With speculation in CAFE circles about the use of thin, lightweight motors now available for landing and takeoff augmentation, it comes as almost now surprise that DLR, the German Aerospace Centre, and the Airbus people at EADS have announced development of an electric nose wheel that could replace airport tugs and extended ground operation for airliners’ jet engines.
According to The Engineer, a British publication, a fuel cell-powered system delivers electrical energy capable of powering the nose wheel of a 70-ton aircraft.
“Commercial aircraft could cut their on-ground emissions by one quarter with a new hydrogen fuel-cell propulsion system, according to its creators.
“For short-haul aircraft that often take off and land seven times a day, this could save between 200 and 400 litres of kerosene per day while reducing noise by around 95 per cent, without the use of towing vehicles.”
Tested in the DLR laboratories, the twin electric motors are about to be checked out on a real A320. The system uses a low-temperature polymer electrolyte fuel cell, and allows “the pilot to turn off the main engines one minute after landing and not turn them on until three to five minutes before take-off, in order to heat them up. This means the engines could be used 1,200 hours less per year.”
DLR’s press release further notes, “’With the fuel cell-powered electric nose wheel can save up to 27 percent of produced emissions at the airport and up to almost 100 percent of the noise during the rolling process,’ said Dr. Josef Kallo, the DLR Institute for Technical Thermodynamics project manager responsible for the zero-emission [system] with fuel cells.”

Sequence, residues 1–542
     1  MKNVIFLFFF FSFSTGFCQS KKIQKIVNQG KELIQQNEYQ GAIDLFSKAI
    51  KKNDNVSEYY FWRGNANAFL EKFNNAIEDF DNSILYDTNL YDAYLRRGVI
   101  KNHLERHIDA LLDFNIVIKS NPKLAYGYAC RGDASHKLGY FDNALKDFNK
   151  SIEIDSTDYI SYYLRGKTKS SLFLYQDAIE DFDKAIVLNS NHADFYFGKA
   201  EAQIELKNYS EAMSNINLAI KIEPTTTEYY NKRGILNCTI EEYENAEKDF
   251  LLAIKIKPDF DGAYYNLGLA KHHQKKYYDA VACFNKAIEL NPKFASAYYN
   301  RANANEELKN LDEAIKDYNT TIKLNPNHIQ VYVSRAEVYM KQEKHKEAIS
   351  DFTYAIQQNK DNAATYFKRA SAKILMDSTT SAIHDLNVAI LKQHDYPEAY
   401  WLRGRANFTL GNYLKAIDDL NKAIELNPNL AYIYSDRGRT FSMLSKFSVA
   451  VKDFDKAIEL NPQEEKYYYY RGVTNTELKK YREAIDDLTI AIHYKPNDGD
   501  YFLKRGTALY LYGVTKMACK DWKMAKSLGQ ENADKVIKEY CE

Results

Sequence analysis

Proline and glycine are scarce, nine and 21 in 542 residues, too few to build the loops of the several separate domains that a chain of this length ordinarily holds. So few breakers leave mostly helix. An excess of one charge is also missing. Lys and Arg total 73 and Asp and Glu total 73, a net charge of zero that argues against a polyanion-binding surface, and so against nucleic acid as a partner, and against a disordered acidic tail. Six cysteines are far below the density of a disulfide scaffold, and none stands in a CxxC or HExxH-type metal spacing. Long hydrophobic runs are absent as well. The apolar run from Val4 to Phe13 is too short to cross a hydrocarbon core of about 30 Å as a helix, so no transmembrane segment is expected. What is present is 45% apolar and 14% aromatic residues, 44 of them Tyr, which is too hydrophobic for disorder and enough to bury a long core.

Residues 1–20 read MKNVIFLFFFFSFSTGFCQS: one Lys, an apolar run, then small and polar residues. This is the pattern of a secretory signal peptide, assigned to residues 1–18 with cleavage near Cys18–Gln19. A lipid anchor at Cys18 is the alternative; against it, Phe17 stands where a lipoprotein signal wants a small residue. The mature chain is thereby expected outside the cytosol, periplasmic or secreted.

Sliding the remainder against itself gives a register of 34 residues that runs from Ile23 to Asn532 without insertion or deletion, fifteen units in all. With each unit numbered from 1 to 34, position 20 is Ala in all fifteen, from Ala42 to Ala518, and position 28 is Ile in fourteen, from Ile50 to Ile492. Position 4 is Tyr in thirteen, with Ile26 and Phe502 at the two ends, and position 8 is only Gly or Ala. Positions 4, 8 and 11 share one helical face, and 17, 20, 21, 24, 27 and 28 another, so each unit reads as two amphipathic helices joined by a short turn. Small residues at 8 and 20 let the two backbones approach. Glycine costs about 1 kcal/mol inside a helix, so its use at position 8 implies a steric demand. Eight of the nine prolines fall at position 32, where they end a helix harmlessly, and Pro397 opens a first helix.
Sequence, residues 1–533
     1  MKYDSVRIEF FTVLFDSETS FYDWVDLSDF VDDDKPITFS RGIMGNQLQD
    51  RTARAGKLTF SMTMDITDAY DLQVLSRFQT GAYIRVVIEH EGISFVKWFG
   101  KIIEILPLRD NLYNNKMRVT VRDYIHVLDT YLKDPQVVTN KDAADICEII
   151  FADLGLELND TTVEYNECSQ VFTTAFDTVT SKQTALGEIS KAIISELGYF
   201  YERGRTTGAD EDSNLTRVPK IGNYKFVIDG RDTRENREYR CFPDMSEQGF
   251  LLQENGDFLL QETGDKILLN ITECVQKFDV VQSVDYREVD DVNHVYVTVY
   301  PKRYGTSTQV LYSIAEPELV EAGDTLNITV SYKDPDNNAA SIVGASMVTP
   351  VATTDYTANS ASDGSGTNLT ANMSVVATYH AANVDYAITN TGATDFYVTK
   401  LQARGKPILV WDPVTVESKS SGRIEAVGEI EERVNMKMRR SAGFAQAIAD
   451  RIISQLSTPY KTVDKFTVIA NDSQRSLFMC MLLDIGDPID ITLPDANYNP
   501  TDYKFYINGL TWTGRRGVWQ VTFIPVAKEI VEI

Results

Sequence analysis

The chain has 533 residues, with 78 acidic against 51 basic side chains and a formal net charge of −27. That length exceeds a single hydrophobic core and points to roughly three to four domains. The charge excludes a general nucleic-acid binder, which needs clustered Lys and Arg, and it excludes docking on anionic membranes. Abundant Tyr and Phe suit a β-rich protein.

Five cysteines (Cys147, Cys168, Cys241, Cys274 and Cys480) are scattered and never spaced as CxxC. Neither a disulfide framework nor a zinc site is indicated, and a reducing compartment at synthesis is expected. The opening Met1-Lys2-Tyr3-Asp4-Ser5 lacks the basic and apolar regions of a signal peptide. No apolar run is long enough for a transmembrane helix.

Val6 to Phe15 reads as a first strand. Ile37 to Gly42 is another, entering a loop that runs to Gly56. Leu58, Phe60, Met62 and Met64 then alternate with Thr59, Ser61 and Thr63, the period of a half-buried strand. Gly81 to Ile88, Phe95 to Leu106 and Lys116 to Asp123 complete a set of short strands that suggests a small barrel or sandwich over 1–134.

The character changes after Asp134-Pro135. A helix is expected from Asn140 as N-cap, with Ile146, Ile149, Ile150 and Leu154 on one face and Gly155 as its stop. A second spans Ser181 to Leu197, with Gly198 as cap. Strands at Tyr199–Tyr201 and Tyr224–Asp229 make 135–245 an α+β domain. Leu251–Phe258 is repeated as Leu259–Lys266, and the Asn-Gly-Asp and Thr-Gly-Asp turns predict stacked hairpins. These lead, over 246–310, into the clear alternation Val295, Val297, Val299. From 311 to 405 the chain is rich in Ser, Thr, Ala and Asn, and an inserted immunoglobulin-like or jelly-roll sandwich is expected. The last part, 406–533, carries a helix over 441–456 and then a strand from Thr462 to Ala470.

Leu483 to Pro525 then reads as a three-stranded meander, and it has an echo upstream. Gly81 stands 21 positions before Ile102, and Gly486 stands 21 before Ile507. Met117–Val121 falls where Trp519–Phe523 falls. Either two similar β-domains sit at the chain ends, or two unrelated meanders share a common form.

Kallo explains that the system requires some re-engineering of the nose gear, removing existing hydraulics to make room and save weight for the “very compact” motors. As he told The Engineer, “Just to get 3-5 kilometers per hour (1.9-3.2 miles per hour) you have to work against something like 5,000-7,000 Newton meters (3,700-5,200 foot pounds). All that effort exerted several times daily for the typical mid-size airliner would require refueling “every one or two days,” according to Kallo.
DLR analyzed electric cars to find a lightweight power solution and looked at electric trains for a way to generate the necessary torque. Ground tests on a Lufthansa test vehicle will start in April, with the development of an associated fuel cell system for aircraft climate control and other electrical systems to follow.